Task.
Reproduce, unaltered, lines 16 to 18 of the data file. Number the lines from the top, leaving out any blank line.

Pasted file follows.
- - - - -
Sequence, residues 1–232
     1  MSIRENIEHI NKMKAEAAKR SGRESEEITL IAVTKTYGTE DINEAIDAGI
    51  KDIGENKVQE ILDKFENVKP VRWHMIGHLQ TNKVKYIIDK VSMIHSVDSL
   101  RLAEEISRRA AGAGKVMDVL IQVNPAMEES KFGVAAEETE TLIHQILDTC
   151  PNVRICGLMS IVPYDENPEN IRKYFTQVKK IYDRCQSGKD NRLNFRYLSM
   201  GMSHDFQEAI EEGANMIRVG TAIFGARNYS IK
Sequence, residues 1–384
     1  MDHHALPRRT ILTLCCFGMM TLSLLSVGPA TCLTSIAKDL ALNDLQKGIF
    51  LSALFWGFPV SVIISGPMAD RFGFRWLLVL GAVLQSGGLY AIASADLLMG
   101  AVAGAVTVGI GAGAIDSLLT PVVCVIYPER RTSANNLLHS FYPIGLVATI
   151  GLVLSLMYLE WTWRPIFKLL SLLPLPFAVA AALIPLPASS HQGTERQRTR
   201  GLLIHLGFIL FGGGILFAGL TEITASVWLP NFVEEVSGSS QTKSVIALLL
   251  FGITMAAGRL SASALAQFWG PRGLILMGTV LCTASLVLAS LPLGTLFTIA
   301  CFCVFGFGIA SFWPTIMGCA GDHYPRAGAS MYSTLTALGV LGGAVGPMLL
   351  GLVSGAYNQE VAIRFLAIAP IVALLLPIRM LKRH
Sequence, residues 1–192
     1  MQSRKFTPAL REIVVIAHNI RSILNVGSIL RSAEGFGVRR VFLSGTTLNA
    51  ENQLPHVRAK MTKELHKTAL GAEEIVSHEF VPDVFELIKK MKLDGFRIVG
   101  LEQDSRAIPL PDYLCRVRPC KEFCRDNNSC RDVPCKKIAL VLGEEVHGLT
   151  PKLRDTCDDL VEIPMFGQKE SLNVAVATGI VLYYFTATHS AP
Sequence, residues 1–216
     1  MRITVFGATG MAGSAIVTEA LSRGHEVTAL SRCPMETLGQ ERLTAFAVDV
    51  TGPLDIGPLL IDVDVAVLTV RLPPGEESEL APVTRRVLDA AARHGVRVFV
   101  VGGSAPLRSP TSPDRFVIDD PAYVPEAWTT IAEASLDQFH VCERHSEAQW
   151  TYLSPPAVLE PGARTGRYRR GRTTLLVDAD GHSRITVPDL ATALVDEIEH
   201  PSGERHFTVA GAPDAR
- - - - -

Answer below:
Sequence, residues 1–192
     1  MQSRKFTPAL REIVVIAHNI RSILNVGSIL RSAEGFGVRR VFLSGTTLNA
    51  ENQLPHVRAK MTKELHKTAL GAEEIVSHEF VPDVFELIKK MKLDGFRIVG